The National Mosque of Malaysia is located in Kuala Lumpur. It has a capacity of 15,000 people and is situated among 13 acres (53,000 m2) of beautiful gardens. The original structure was designed by a three-person team from the Public Works Department - UK architect Howard Ashley, and Malaysians Hisham Albakri and Baharuddin Kassim. The mosque was built in 1965 on the site of a church, the Venning Road Brethren Gospel Hall which had stood there since 1922 but appropriated by the Malaysian government. The mosque is a bold and modern approach in reinforced concrete, symbolic of the aspirations of a then newly-independent Malaysia.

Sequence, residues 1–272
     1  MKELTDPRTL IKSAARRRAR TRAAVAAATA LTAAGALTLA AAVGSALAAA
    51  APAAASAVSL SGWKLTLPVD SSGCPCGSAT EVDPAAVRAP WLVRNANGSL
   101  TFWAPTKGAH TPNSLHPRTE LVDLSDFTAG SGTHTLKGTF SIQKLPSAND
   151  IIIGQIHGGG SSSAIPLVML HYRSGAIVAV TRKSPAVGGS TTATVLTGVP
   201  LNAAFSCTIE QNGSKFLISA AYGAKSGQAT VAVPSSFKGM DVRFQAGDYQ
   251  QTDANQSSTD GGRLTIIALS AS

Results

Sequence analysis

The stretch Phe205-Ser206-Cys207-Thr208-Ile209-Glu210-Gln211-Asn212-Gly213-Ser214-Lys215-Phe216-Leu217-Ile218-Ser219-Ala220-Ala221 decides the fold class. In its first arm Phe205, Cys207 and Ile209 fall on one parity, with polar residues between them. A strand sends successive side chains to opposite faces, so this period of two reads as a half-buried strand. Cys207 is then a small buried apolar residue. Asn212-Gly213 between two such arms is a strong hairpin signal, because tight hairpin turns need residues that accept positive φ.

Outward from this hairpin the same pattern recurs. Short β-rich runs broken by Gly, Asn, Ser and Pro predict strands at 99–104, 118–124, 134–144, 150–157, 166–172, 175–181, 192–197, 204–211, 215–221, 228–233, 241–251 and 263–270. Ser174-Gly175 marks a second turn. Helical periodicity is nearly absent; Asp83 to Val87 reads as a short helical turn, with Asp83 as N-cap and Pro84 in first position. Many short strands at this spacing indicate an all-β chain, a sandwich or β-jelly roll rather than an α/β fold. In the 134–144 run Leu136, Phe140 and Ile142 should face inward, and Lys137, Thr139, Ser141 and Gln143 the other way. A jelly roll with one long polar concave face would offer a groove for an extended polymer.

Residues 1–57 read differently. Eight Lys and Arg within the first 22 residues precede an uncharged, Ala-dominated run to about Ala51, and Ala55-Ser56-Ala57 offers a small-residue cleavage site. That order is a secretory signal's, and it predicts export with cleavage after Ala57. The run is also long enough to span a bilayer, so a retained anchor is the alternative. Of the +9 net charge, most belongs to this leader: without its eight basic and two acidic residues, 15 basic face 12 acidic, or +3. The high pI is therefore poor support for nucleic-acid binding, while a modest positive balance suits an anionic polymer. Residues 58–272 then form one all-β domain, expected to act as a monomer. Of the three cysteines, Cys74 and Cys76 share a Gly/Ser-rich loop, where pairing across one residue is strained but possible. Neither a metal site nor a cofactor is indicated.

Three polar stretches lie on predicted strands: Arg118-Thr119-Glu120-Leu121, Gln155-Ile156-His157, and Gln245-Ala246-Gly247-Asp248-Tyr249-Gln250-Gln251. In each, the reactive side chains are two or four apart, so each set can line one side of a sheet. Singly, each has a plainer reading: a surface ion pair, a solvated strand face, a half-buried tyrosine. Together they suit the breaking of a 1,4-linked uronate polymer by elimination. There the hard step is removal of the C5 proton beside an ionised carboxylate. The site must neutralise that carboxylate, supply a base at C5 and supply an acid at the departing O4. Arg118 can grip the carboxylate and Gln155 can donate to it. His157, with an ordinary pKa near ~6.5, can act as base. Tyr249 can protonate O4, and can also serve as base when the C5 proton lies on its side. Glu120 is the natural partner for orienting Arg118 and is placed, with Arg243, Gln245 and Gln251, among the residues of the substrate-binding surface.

Major development programs in areas of economy, social and architecture were actively implemented in line with the new government. The programs were also to portray new progressive culture and achieved democracy. Therefore, on 30 July 1957, in the meeting of the Federal Executive Council an idea to build a national mosque as a symbol of the country’s independence was mooted. In another meeting on 5 March 1958, Chief Ministers of the eleven states in the Federation of Malaya, a proposal was made to name the mosque Masjid Tunku Abdul Rahman Putra Al-Haj, in recognition of Yang Teramat Mulia Tunku Abdul Rahman Putra Al-Haj’s efforts in guiding the country to gaining independence. However, Tunku refused this honour; on the contrary he named it Masjid Negara in thanksgiving for the country’s peaceful independence without bloodshed.